Is NASA giving up on Mars? (+video)
NASA's 2013 budget includes deep cuts to its planetary science mission, particularly its efforts to send spacecraft to Mars. Instead, the space agency will focus on human spaceflight and infrared astronomy. Is NASA now heading down the wrong path?
(Page 2 of 2)
This cut to planetary science has already been decried by many including the Planetary Society, which said the new proposal pushes planetary science “to the brink.”Skip to next paragraph
In Pictures NASA's Future of Space Exploration
Subscribe Today to the Monitor
“The priorities reflected in this budget would take us down the wrong path,” said Bill Nye, CEO of the Planetary Society. “Science is the part of NASA that’s actually conducting interesting and scientifically important missions. Spacecraft sent to Mars, Saturn, Mercury, the Moon, comets, and asteroids have been making incredible discoveries, with more to come from recent launches to Jupiter, the Moon, and Mars. The country needs more of these robotic space exploration missions, not less.”
The James Webb telescope, notorious for its cost overruns and delays, would get $627.6 million for 2013, up from $518.6 million in 2012 and $476.8 million in 2011. Many see JWST as responsible for draining money away from planetary science. JWST won’t launch until 2018 at the earliest.
Bolden said since NASA “replanned” JWST, they receive an accounting each month and so far the mission has been on-budget and on-time as far as meeting goals. “Through diligence and really paying attention to the budget and timeline, I think we can get this mission done,” Bolden said.
Two other bright spots in the budget was that funding for Earth observation satellites would be the same as 2012, at about $1.8 billion and the Space Technology program would get $699 million, up from the $569 million Congress approved for 2012.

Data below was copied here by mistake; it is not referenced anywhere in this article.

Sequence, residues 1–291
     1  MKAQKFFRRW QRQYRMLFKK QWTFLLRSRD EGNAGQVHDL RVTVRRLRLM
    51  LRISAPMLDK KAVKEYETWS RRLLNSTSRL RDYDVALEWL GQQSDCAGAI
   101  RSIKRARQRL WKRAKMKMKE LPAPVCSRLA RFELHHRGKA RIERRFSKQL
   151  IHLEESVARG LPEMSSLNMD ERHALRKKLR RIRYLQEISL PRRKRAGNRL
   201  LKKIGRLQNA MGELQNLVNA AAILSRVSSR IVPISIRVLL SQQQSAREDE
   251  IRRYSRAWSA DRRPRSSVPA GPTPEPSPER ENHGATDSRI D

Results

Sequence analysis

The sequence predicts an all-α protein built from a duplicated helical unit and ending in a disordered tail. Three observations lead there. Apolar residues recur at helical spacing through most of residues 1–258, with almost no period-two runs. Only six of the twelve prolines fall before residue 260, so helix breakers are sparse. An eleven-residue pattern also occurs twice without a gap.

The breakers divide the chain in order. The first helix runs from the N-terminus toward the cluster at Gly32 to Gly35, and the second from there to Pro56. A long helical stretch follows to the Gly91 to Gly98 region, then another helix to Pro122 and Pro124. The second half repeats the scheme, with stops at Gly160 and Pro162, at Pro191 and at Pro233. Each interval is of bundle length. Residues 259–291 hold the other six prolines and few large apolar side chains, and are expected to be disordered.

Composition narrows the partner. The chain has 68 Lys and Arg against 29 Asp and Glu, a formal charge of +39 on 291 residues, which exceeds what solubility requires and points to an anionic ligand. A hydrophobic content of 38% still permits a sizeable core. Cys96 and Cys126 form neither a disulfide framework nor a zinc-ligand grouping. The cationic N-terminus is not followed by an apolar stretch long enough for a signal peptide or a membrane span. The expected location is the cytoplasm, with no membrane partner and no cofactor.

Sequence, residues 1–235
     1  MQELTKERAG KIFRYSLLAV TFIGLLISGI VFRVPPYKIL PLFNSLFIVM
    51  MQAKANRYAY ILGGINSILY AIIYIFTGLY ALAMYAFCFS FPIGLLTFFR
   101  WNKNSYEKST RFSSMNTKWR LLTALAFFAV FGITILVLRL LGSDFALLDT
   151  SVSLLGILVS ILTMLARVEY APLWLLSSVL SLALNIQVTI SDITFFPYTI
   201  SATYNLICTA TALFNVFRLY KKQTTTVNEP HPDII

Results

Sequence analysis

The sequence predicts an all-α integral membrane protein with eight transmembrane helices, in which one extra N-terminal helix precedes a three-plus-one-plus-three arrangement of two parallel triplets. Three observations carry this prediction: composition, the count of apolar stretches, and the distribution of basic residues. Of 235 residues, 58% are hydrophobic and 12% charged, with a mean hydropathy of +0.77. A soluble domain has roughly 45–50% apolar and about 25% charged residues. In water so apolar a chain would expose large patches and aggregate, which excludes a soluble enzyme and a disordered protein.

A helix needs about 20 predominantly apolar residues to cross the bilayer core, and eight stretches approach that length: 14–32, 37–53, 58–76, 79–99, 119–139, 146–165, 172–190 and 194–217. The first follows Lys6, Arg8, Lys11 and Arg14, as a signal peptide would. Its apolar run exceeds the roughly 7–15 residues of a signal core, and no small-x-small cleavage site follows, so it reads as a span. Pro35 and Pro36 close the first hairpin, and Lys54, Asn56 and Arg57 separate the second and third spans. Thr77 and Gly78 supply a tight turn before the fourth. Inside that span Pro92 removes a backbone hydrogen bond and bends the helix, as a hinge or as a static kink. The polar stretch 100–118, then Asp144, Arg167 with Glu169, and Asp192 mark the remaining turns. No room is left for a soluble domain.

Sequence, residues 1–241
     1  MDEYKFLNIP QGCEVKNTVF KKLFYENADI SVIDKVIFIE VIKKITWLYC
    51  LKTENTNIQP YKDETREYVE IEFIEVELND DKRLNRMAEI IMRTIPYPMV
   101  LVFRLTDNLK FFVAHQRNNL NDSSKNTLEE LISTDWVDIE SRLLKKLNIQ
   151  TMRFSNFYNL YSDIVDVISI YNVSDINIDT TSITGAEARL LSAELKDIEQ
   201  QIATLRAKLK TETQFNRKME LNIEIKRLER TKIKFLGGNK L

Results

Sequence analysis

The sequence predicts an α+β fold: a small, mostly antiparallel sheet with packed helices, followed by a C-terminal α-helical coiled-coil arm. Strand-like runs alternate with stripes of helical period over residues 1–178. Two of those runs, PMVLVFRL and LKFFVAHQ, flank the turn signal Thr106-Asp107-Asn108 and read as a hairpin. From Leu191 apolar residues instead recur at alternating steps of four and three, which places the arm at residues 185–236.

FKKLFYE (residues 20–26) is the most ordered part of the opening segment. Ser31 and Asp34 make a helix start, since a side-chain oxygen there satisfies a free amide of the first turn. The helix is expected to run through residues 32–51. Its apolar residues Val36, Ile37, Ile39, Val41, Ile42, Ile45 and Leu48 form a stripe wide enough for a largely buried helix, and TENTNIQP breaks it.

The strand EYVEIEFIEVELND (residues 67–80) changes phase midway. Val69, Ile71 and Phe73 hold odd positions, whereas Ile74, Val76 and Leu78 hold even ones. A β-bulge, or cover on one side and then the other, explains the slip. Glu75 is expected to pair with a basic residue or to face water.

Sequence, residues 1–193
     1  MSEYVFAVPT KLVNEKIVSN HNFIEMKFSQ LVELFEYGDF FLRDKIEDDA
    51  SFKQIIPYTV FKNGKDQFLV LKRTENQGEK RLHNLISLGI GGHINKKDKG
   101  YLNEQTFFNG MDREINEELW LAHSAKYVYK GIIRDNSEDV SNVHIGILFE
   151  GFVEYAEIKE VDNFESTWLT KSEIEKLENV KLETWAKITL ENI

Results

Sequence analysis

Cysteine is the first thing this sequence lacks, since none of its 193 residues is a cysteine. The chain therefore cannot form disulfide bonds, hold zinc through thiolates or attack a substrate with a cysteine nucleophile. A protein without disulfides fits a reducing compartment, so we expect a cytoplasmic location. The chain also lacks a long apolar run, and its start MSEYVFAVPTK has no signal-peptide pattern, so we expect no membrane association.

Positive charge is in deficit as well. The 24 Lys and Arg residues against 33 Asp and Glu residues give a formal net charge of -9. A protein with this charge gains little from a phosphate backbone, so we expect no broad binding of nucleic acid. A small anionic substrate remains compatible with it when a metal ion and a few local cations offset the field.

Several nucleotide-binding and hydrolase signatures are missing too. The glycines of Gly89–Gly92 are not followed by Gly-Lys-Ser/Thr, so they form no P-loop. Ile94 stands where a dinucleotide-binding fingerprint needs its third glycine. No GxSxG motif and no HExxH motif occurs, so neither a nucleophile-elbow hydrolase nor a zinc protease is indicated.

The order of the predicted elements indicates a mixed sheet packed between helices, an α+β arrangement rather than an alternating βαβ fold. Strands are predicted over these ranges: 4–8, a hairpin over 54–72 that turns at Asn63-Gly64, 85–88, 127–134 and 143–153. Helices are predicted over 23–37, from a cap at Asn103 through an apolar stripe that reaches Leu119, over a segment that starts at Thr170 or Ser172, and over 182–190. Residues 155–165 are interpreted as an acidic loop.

As far as the human side, most officials were pleased with the numbers. The commercial Space Federation put out a statement saying that the “Commercial Crew program will enable American providers to free us from dependence on the Russian Soyuz for access to the International Space Station, a facility that American taxpayers have invested nearly $100 billion to build. NASA currently pays Russia more than $60 million per seat to access the Space Station, a price that is expected to rise above $70 million in the next few years.”
Executive Director Alex Saltman added, “With the Shuttle fleet retiring last year, Americans look forward to the day when we return our astronauts to space on American rockets. We are pleased that the Administration is requesting the funding necessary to make that happen. Now it’s Congress’s job to help put America back in space.”
As bad as the budget seems, according to some sources, things could have been much worse. The White House Office of Management and Budget had earlier asked NASA to submitted budget proposals at a 5, 10 or 15 percent cut. They may have been lucky to get only a .3% cut.
Here’s NASA’s upbeat video about the new budget:
This post originally appeared in Universe Today.